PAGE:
Digital marketers at financial services companies, including mutual fund and exchange-traded fund (ETF) companies, spend a healthy chunk of their time working on outbound emails. So, how are you doing?
Above-average on three out of four counts, according to the Harte-Hanks Postfuture Index™ released yesterday. More financial services emails are successfully delivered and opened than emails sent by other industries. This is based on Harte-Hanks's analysis of about 3 billion email messages sent across nearly 100 companies in nine industries in 2009 and 2010. (The company also studied unsubscribe rates and on this dimension financial services scores a thin advantage. Over all industries, the unsubscribe rate was 0.16% versus 0.08% for financial services.)
But it’s the email click-through rate (CTR), arguably the critical measure, where financial services trails. What's worse, the reported number is a blend. In a follow-up email from Harte-Hanks, I learned that financial services CTRs tumbled from 3.3% in 2009 to 1.7% in 2010. Although, "to date, we are seeing an upturn," the PR contact tagged on to her note.
So much energy is involved in the writing, designing, reviewing, coding and tracking of emails—and at best just two out of 100 recipients are opening them? On the bright side, if your emails are drawing better than 2% click-throughs, you're doing better than the industry standard. Better than 3% and you're above average.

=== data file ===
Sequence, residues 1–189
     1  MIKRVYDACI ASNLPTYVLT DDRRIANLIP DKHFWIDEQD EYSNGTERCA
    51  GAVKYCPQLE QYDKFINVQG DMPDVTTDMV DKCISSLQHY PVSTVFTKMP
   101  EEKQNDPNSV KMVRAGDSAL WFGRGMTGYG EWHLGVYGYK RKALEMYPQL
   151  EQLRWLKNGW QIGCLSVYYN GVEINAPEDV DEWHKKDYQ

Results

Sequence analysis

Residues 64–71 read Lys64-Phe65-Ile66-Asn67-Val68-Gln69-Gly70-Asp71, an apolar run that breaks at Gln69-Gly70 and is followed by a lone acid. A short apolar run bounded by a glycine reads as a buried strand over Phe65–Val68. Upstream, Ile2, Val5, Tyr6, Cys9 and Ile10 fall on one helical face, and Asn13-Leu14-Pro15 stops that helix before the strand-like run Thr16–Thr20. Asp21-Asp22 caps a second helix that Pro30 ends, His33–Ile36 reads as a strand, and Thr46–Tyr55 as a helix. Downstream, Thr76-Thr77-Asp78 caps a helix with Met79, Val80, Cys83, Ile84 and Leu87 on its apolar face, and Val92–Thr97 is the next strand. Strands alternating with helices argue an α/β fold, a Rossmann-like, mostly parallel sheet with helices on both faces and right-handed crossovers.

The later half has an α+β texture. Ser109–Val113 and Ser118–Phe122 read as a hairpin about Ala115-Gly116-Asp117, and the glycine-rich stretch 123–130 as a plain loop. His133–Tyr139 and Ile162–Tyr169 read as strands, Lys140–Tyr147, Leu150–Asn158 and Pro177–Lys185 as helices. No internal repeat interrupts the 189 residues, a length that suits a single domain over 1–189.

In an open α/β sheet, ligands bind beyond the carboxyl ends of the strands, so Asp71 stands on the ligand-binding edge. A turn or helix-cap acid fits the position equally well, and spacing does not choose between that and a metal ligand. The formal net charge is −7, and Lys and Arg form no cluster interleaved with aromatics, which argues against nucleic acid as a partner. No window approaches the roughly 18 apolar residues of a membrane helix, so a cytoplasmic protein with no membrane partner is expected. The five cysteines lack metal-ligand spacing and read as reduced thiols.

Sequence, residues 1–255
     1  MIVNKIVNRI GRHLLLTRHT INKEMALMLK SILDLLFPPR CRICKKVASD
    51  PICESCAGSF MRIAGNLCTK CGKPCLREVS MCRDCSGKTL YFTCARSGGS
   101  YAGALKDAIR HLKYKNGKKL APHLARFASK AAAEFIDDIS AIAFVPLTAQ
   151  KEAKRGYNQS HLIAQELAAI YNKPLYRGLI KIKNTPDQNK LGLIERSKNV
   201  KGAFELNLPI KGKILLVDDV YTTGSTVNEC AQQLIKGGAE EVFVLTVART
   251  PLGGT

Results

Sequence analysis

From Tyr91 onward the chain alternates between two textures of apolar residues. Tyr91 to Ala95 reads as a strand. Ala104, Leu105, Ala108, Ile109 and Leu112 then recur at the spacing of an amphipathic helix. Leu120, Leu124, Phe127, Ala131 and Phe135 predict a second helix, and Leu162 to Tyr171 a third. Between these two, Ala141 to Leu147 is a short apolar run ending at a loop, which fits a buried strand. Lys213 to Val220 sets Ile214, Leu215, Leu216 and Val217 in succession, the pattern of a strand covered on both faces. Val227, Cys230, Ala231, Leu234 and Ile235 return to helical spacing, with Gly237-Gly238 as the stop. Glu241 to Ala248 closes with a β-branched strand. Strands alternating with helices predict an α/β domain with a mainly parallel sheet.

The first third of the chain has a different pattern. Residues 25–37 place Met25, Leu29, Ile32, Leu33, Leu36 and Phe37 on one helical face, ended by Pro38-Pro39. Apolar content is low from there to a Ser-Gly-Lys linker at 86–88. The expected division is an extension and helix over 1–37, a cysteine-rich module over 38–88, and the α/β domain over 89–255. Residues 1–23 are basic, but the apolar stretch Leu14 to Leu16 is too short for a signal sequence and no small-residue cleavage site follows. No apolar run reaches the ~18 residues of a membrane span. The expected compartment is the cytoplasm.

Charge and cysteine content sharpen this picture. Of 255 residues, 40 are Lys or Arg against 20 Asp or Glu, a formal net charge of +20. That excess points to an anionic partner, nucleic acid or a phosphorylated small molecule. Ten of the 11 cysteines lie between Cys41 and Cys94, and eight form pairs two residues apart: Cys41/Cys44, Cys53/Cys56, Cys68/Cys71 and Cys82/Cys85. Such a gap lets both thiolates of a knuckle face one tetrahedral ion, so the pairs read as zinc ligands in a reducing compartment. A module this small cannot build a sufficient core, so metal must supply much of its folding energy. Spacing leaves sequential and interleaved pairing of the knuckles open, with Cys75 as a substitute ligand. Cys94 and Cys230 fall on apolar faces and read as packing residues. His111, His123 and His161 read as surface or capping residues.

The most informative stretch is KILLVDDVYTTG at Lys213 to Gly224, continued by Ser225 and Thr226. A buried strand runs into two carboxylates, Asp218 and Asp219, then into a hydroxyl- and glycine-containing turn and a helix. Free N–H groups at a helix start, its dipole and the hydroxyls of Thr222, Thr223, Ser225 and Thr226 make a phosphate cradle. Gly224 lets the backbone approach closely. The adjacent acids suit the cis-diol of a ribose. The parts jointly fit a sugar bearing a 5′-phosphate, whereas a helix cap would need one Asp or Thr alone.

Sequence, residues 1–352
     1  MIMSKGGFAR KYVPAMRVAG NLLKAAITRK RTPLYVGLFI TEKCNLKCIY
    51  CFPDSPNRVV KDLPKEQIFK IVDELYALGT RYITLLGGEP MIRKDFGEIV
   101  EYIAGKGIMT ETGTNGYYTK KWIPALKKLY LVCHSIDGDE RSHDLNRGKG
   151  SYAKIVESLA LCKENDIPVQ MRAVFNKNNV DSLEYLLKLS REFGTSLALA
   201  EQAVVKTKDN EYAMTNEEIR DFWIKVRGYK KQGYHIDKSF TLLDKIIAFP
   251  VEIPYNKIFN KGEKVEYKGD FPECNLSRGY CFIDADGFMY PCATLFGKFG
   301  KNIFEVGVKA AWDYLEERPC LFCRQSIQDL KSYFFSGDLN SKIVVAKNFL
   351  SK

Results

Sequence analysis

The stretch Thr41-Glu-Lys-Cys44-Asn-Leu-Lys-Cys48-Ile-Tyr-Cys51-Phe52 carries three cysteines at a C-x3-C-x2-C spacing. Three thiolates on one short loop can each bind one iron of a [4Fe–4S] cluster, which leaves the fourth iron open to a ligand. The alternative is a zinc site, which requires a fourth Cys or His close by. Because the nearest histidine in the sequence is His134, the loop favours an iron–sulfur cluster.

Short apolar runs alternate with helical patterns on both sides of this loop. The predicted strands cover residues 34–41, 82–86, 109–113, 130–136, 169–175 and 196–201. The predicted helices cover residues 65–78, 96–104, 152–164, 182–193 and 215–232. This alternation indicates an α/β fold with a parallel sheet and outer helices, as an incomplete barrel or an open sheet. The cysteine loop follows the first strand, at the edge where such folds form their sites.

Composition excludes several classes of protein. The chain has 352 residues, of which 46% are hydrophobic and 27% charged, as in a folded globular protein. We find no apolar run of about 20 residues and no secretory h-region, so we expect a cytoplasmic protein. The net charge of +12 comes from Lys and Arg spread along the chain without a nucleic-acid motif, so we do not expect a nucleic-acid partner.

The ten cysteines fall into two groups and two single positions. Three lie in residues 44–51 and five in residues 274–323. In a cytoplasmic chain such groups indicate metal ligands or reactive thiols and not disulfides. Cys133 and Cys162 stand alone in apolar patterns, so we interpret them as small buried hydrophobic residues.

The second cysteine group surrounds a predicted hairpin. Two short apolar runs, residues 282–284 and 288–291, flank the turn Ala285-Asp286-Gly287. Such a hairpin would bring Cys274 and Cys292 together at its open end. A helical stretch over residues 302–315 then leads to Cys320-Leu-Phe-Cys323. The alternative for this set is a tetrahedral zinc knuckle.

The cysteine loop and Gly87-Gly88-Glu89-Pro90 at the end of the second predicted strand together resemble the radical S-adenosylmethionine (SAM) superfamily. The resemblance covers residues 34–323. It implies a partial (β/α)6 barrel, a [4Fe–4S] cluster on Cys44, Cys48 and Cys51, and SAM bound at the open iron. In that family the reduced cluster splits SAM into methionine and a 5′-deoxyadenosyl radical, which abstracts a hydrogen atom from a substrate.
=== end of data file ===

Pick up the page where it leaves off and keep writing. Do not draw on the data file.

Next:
I’m always skeptical when I hear about “email programs” because I worry about the disproportionate effort invested in them and the implication that the communicating is done once the emails are sent.
There is a sense of satisfaction when a “blast email” finally makes it out the door. But let’s be realistic about exactly what that mass communication is going to accomplish. A 2%-3% response in the form of a click-through is not sufficient to sustain interest let alone grow interest in your business.
What other forms of communicating are you planning and testing for greater impact?